Congress is dead wrong this time. And its timing couldn't have been worse. With terrorism cases flowing into federal courts, the courts face hard decisions balancing civil liberties and effective law enforcement. To confront this challenge effectively, federal courts need-now more than ever-to look for guidance in international and comparative law materials. Indeed, an expanding chorus of scholars and judges urge federal adjudicators to explore transnational materials in making their decisions.1 Although inconsistent throughout its case load, the U.S. Supreme Court is even coming around to the wisdom of this practice.2 But loud voices in Congress have urged precisely the contrary view. Two legislative initiatives from the 109th Congress seek to hog-tie the federal courts as they grapple with difficult issues of civil liberties and the war on
terror, dramatically curtailing federal court freedom to consider materials from other countries or international organizations. One initiative would have confined courts of the United States to only one non-American source: "English constitutional and [English] common law up until the time of the adoption of the Constitution of the United States."3 The other expresses disapproval of courts considering "foreign" law unless it informs "an understanding of the original meaning of the Constitution." While not initiated solely for the purpose of terrorism cases, these prohibitions-and the attitude they reflect-would have a particularly deleterious effect in that context. The initiatives will most likely die the death of other jurisdictional stripping maneuvers before them, performing only the symbolic function of political theater. Yet symbolism can reflect an important political reality and cause harmful influence irrespective of the initiatives' actual fate in the legislative process.
Terrorism is an international problem. Terrorism is a problem shared by other countries. Effective solutions to terrorism have international implications and require international cooperation.4 Considering that civil liberties issues implicate concerns universal to all of humanity, I suggest it unremarkable that federal courts stand to gain much from the experience of other countries in battling terrorism.5 One would also think that the proscriptive, prescriptive, and precatory provisions of international law would be an important, if not in some cases mandatory, reference point in negotiating the tension between civil liberties and civil rights. My goal here is not to dignify Congress's suggestions to the contrary with rigorous constitutional critique. I use the initiatives instead as the impetus for a review of reasons why prudence counsels the courts of the United States to consider transnational material in adjudicating terrorism issues.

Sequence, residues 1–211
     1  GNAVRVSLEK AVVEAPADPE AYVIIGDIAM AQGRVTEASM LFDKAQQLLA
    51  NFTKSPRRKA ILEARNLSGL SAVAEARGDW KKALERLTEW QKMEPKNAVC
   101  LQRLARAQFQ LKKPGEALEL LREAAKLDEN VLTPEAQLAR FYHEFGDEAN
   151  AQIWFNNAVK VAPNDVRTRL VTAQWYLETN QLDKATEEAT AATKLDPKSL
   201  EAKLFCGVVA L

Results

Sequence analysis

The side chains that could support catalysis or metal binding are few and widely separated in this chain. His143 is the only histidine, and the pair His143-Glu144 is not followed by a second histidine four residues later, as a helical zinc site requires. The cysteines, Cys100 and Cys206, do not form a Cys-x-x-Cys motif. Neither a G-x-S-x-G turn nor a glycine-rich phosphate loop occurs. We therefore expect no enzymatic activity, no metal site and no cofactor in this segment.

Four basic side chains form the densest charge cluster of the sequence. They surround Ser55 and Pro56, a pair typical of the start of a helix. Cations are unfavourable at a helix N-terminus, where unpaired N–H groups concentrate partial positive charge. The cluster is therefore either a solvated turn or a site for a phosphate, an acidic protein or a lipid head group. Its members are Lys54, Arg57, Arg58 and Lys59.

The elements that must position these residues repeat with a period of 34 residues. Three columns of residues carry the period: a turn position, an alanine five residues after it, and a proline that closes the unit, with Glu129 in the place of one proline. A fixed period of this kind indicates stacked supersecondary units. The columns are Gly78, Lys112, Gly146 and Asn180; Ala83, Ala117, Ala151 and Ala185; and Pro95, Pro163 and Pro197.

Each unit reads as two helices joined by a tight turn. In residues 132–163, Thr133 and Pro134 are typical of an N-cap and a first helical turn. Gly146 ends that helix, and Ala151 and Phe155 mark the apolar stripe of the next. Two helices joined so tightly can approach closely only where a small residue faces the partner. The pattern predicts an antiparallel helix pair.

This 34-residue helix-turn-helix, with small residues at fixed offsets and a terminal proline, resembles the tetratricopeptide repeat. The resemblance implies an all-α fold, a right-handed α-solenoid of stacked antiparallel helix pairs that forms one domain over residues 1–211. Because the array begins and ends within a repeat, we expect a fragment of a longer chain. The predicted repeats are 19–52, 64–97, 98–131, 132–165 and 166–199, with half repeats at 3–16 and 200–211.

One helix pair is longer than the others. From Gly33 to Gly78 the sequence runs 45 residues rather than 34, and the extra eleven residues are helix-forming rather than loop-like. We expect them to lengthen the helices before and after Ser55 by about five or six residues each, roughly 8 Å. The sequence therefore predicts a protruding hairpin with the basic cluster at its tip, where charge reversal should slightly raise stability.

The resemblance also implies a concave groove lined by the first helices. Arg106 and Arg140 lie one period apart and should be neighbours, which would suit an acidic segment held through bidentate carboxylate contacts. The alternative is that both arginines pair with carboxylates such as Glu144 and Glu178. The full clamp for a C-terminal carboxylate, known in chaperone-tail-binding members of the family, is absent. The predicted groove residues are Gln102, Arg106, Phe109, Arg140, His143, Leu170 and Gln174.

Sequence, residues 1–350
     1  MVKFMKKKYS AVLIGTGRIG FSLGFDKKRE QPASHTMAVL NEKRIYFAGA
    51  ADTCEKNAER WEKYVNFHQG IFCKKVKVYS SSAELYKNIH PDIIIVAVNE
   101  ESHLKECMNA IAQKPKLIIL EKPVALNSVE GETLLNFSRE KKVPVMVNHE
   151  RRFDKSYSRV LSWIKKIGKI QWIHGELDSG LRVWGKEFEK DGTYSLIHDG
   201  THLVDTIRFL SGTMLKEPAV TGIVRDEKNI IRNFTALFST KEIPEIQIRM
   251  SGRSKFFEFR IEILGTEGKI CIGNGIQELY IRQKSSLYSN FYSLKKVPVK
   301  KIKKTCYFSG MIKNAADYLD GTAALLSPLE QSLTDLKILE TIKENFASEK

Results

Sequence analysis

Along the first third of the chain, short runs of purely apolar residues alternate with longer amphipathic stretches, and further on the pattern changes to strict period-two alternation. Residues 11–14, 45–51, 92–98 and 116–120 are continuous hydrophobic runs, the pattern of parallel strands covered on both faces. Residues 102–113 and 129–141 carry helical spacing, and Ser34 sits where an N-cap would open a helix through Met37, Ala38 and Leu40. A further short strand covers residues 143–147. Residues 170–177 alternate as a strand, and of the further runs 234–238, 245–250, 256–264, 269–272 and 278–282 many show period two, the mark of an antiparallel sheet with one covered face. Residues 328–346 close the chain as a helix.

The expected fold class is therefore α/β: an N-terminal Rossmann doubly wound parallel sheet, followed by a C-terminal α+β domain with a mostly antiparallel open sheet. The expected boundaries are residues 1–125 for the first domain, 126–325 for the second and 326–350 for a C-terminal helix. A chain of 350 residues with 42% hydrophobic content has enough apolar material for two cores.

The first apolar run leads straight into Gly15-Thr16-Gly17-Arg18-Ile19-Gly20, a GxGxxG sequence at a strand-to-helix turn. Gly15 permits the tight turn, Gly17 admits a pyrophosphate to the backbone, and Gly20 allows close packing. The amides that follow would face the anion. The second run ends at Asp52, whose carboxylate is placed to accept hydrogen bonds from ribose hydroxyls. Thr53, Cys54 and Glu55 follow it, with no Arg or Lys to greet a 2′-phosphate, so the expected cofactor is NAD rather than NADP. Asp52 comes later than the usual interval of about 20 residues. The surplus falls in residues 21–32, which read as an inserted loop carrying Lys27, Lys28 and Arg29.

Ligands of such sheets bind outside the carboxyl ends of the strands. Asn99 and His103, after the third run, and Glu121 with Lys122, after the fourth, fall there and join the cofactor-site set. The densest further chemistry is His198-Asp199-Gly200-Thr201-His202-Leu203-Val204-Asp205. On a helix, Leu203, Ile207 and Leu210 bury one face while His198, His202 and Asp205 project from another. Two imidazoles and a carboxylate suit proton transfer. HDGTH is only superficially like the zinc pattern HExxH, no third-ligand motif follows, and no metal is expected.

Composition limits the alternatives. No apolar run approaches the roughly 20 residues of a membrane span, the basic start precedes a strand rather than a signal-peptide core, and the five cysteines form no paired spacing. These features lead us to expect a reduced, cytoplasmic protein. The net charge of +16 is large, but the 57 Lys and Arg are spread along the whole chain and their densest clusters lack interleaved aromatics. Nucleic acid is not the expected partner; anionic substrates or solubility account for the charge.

In this Article, I highlight the practical and methodological reasons for using transnational materials. To the extent analytically appropriate, I steer clear of politically charged arguments such as one that would urge the U.S. government to defer to international organizations in choosing among alternatives in combating terrorism. Similarly, I swerve away from queries about the potential authority (and supremacy) of non-U.S. law in disposing of cases filed in U.S. courts-authority that could be derived from treaties or international law received into U.S. law.6 Unabashedly trying to reduce controversy and mystery in this enterprise, I pursue the modest goal of convincing litigants and courts that transnational materials are useful and appropriate guides to adjudicating terrorism cases. To that end, I focus on four arguments why federal courts should use these materials: (1) the practice serves common sense; (2) the practice reflects methodologically good judging; (3) the practice serves our constitutional structure; and (4) the practice promotes the rule of law and world governance. While a rich literature debates use of transnational material in the United States, this Article takes a new angle by analyzing the practice in light of concerns unique to federal court adjudication and the specific enterprise of deciding terrorism cases. …